Question #d88e8

Jan 19, 2017

$y \left(x\right) = a - \frac{c}{\left\mid x \right\mid}$

Explanation:

In the equation:

$x \frac{\mathrm{dy}}{\mathrm{dx}} + y = a$

we can separate the variables in this way:

$x \frac{\mathrm{dy}}{\mathrm{dx}} = a - y$

$\frac{\mathrm{dy}}{a - y} = \frac{\mathrm{dx}}{x}$

then integrate both sides:

$\int \frac{\mathrm{dy}}{a - y} = \int \frac{\mathrm{dx}}{x}$

$- \int \frac{d \left(a - y\right)}{a - y} = \int \frac{\mathrm{dx}}{x}$

$- \ln \left\mid a - y \right\mid = \ln \left\mid x \right\mid + C$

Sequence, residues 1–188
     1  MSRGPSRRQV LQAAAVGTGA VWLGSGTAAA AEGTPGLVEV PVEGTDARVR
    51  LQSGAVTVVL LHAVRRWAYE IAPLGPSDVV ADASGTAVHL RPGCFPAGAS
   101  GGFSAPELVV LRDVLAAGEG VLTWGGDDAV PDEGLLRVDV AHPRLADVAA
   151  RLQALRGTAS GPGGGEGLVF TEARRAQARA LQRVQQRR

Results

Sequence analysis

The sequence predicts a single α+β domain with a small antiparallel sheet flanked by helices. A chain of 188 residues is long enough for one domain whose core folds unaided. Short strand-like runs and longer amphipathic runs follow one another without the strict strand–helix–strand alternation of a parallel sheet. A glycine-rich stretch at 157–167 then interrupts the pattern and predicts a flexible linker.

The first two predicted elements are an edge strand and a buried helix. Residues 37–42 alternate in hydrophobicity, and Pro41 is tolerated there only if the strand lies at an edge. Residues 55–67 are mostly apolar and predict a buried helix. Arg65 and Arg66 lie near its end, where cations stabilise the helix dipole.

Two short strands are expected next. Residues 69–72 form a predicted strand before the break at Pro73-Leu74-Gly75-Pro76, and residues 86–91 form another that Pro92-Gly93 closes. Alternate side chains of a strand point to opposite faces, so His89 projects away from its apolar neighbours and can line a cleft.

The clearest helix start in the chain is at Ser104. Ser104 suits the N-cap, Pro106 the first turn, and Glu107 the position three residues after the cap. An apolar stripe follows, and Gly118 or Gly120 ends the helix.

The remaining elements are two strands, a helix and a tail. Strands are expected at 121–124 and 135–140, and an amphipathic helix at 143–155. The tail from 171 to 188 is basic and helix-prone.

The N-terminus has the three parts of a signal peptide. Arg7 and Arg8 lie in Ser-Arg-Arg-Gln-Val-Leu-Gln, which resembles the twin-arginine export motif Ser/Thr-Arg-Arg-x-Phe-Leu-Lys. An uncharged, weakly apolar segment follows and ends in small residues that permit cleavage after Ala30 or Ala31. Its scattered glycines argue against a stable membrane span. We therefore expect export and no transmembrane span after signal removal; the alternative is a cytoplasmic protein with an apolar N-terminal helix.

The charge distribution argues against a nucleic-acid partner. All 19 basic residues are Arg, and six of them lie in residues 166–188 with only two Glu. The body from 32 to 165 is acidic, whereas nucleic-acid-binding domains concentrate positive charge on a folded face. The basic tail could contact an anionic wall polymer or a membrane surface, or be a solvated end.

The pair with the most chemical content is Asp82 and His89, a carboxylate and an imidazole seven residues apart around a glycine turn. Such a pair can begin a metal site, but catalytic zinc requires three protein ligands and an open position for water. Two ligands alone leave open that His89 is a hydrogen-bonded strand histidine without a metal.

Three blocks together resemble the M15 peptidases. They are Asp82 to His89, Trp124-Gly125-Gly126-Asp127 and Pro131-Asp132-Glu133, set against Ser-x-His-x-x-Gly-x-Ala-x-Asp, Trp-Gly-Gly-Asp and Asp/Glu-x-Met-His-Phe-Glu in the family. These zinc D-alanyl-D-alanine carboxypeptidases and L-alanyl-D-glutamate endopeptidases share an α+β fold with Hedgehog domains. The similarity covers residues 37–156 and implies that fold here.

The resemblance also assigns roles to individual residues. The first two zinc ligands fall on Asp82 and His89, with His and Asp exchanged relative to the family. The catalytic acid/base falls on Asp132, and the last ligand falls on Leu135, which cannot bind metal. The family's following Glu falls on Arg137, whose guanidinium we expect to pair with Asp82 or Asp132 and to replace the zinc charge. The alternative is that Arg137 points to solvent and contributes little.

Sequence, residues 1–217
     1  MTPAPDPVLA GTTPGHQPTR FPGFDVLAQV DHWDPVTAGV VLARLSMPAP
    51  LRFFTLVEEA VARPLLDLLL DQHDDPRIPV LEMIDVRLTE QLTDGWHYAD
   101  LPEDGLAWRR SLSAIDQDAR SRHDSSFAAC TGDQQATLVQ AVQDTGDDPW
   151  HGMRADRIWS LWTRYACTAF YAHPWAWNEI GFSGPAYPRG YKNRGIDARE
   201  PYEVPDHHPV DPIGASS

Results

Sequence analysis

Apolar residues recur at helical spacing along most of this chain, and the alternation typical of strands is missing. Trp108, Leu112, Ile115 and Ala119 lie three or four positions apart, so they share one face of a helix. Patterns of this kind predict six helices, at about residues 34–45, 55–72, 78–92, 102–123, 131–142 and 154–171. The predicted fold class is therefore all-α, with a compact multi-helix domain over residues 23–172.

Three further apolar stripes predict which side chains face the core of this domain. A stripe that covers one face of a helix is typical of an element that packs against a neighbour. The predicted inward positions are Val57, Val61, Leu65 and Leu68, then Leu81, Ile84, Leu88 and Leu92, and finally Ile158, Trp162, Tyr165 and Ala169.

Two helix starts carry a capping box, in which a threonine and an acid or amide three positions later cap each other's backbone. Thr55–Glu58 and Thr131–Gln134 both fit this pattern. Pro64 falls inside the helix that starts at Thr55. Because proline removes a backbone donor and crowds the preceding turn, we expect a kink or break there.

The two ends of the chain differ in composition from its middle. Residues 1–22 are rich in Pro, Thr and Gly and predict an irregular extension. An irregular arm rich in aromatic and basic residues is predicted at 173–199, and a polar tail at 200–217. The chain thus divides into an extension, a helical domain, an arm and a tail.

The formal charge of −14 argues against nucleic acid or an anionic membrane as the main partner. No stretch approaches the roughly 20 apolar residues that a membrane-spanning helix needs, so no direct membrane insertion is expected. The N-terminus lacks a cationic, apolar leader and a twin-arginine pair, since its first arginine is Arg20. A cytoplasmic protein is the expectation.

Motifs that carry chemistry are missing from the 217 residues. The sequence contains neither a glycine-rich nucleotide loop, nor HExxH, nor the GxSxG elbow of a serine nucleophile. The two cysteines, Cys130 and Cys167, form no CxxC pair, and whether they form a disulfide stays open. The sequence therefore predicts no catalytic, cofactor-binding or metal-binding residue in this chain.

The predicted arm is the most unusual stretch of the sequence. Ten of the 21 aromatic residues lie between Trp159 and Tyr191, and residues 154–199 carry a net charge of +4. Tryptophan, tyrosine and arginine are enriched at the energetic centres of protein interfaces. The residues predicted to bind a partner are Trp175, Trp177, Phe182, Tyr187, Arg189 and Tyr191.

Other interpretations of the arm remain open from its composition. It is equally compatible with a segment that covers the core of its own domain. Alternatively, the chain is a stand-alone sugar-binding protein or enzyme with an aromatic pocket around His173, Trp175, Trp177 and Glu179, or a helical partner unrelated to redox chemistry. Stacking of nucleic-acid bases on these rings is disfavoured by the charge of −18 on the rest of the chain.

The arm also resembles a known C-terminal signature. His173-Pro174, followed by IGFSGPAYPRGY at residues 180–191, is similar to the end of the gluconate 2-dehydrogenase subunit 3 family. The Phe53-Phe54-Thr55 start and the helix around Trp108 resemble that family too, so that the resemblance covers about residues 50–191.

$\ln \left\mid a - y \right\mid = - \ln \left\mid x \right\mid + C$

We can now take the exponential of both sides posing $c = {e}^{C} > 0$:

$\left\mid a - y \right\mid = {e}^{- \ln \left\mid x \right\mid + C} = {e}^{C} / {e}^{\ln \left\mid x \right\mid} = \frac{c}{\left\mid x \right\mid}$

If we make the hypothesis $y < a$ we have:

$a - y = \frac{c}{\left\mid x \right\mid}$

$y = a - \frac{c}{\left\mid x \right\mid}$

which is in fact always less than $a$